Technically, it’s illegal to resign from the British House of Commons. Since 1623 the rules have stated that a member of Parliament cannot renounce the trust of his constituents.
So members use a loophole: An MP who accepts an office of profit under the Crown must leave his post to avoid a conflict of interest. So today when an MP wishes to resign, the chancellor of the exchequer appoints him crown steward of the Chiltern Hundreds or of the Manor of Northstead, and he can legally resign.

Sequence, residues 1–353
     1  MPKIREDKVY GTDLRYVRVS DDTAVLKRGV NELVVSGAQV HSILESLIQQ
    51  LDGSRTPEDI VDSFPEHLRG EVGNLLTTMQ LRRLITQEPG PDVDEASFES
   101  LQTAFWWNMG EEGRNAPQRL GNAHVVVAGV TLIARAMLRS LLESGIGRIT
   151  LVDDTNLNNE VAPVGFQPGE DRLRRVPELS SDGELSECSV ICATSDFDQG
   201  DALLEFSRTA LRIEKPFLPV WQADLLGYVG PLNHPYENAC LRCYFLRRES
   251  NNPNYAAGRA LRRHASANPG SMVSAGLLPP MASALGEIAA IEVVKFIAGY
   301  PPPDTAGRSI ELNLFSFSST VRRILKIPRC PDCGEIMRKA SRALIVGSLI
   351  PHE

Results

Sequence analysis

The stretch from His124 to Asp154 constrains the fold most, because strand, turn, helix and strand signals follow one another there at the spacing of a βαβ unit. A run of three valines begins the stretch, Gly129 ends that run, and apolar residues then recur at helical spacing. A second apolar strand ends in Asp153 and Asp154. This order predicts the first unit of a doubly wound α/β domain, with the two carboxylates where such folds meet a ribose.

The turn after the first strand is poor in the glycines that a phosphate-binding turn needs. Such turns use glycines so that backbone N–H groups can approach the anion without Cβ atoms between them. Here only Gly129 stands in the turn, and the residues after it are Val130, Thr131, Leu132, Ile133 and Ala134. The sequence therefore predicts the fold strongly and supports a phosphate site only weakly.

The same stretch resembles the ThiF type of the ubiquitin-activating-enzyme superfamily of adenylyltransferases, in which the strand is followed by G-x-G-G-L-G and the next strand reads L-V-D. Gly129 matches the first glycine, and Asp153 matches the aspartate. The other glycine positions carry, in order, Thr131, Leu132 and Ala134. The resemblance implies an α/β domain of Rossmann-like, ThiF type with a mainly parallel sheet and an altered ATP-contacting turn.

But even this workaround gets awkward. Because there are only two available offices, sometimes MPs must wait in line. When 15 Ulster unionists resigned en masse on Dec. 17, 1985, they had to be appointed one after another in quick succession through the day. What will future historians make of this?